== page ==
PEORIA, Ariz. -- Padres pitchers and catchers officially reported to the club's Spring Training complex Tuesday. In doing so, they brought the palpable sense of excitement that comes with the start of any new season.
So what does reporting day -- one of the most highly anticipated dates on the calendar for many fans -- mean to Padres skipper Andy Green?
"It means a lot of guys are getting physicals," Green quipped.
Indeed, Tuesday's activities at Padres camp were relatively tame. The remainder of the squad won't report until Friday, and the first mandatory workout for pitchers and catchers takes place Wednesday.
"I never make too much out of one day," Green said. "We can say something inspiring in four days when the whole club meets, and it really doesn't mean anything. It matters who you are in June or July or August or September. This is just the start; we want to point the team in the right direction."
Left-hander Clayton Richard, who re-signed with the Padres during the offseason, took a similar view, noting that Tuesday served as the day individual efforts become collective.
"This is the day that we come together," Richard said. "All offseason, you're working on what you can do to get better yourself. But when it comes here to Spring Training, it's what we can do to get us better."
At 33, Richard is the elder statesman on an extremely young Padres roster. He spoke of his excitement at returning to San Diego, where he spent five seasons from 2009-13 before rejoining the club last August.
In 11 outings for the Padres last year, Richard posted a 2.52 ERA, leading the Majors in ground-ball rate during that span. It was enough to convince the Padres to bring him back.
"There were [other options]," Richard said. "But at the end of the day, this stuck out for many reasons: family, opportunity to start and the exciting group of players. That sometimes gets overlooked, how much fun this group can be if we all are working toward the same goal."
Richard, Chacin appear rotation-bound
Asked how many pitchers are in the rotation mix entering camp, Green said the number is close to 10. Breaking things down further, it seems likely that eight pitchers will compete for three spots.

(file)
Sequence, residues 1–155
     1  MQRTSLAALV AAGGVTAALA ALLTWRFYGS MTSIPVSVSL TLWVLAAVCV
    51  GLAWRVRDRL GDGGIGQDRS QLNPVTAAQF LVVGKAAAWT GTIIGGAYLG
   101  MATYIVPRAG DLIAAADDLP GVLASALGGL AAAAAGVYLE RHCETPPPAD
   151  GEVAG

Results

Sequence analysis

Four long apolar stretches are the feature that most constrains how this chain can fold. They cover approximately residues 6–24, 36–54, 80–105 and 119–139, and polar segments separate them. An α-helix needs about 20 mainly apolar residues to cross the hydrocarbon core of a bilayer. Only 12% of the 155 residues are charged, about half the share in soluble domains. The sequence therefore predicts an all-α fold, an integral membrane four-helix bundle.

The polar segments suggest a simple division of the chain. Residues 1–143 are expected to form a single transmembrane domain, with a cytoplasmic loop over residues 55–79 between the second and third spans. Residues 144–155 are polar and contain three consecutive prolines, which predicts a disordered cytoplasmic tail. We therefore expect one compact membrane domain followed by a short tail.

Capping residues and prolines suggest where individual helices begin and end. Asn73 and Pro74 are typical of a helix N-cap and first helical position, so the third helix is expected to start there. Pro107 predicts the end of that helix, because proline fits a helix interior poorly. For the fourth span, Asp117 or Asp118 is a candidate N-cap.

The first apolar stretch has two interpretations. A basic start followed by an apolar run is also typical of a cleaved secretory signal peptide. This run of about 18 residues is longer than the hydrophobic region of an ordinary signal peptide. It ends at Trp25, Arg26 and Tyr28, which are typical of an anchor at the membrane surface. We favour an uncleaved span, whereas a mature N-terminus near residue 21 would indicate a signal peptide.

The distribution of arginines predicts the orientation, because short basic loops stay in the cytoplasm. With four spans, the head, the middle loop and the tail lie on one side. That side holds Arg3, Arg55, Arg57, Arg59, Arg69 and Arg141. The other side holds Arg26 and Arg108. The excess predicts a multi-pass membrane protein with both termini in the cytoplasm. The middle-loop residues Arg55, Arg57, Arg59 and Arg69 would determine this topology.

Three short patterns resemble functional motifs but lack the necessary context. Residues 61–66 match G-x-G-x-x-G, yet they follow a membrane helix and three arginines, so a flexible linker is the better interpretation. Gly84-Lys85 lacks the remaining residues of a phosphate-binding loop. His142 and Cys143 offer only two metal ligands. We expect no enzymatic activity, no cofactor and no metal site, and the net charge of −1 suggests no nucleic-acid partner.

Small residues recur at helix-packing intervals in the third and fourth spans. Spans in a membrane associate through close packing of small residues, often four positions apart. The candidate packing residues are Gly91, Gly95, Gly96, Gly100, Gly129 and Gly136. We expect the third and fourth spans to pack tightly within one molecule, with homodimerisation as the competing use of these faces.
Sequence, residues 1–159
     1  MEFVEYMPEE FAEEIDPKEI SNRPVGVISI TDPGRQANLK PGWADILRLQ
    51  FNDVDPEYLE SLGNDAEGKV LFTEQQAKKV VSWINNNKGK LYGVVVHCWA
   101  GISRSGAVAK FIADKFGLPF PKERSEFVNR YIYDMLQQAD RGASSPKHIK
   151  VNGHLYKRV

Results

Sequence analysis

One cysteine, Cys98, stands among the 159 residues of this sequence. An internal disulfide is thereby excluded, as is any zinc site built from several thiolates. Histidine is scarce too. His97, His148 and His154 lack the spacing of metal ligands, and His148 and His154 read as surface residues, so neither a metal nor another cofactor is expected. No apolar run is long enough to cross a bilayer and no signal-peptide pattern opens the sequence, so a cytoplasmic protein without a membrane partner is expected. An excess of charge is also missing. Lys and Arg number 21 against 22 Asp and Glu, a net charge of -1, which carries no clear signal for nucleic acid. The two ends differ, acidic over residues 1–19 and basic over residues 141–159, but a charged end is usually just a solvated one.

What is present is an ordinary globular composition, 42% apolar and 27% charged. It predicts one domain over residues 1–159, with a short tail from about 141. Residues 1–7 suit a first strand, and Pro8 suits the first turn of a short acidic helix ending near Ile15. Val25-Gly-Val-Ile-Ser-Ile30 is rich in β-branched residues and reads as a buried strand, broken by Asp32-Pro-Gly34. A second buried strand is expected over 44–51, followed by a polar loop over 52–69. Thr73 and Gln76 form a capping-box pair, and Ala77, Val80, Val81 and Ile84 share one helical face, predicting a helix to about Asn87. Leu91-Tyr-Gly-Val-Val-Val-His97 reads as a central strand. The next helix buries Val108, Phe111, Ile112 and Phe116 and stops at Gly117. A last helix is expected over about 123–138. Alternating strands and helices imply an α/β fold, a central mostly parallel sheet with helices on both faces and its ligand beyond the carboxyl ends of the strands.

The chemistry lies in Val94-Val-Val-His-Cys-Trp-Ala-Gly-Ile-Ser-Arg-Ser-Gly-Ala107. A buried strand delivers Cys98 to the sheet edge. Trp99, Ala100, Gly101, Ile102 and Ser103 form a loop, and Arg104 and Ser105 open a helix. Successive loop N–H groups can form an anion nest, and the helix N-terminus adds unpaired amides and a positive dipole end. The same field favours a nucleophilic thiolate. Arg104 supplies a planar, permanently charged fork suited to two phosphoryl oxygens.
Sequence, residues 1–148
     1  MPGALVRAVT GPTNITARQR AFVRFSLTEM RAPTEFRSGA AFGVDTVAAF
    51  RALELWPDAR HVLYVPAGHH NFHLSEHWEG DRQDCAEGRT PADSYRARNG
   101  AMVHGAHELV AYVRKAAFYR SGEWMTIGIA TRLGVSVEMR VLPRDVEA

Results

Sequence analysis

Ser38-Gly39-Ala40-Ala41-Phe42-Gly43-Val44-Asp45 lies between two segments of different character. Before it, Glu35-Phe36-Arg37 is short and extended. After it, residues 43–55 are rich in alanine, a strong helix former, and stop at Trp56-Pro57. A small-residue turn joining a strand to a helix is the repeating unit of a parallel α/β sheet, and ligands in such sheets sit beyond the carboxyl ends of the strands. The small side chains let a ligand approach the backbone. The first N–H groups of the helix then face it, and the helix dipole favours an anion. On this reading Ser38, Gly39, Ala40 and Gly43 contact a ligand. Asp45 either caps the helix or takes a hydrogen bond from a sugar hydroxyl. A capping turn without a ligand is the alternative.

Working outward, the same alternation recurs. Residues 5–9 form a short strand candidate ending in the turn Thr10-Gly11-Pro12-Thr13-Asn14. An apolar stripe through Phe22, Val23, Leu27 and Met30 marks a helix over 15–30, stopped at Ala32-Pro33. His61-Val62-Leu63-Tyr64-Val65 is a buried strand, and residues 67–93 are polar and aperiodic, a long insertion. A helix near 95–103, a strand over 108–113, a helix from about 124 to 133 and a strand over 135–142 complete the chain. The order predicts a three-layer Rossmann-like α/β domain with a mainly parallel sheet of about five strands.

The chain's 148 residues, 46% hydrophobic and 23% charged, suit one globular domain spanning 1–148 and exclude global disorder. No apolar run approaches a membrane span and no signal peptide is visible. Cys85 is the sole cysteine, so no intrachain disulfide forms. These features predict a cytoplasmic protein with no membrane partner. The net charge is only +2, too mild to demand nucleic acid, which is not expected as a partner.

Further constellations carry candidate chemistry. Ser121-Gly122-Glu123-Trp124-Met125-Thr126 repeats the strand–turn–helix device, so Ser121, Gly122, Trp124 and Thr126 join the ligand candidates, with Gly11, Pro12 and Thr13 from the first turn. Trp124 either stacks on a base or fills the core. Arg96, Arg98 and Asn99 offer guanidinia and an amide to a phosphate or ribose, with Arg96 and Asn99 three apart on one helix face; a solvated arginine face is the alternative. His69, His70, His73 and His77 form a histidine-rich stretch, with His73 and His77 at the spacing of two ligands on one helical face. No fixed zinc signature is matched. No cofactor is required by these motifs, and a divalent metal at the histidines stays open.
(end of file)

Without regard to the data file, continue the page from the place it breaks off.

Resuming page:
Barring something unforeseen, Richard and Jhoulys Chacin are expected to begin the year in the rotation.
"There's a lot of spots open for competition and possibilities for guys that don't make the rotation to slide to the bullpen," Green said. "I feel pretty good saying that Clayton Richard and Jhoulys Chacin are guys we signed to pitch in the rotation. Outside of that, there's been no promise to any one person. All those guys have an opportunity to compete."
"It's healthy," Richard said of the competition. "We'll see how it plays out. ... It's a good thing to have depth at this level. You need it."
Friars tinker with relievers' schedule
The Padres have shortened the throwing programs for some of their relievers, easing the burden of a longer camp this year.
Because of next month's World Baseball Classic, games will begin earlier than usual this spring. (The Padres open their slate on Feb. 25 against Seattle.) But Brad Hand, Ryan Buchter and Brandon Maurer likely won't see the mound in game action until early March.
Maurer and Buchter exceeded their career highs in appearances last season, while Hand led the Majors, pitching in 82 games.
"A relief pitcher doesn't need that type of progression, to be on the mound Feb. 25," Green said. "Those guys got taxed last year and had long seasons. We're going to look to curtail some of their early throwing and put them in a position to be successful in the month of September."
In other bullpen news, Carter Capps is slated to throw a side session on Wednesday. He's showing no ill effects from the Tommy John surgery that forced him to miss the 2016 season, Green said.
AJ Cassavell covers the Padres for MLB.com. Follow him on Twitter @ajcassavell. This story was not subject to the approval of Major League Baseball or its clubs.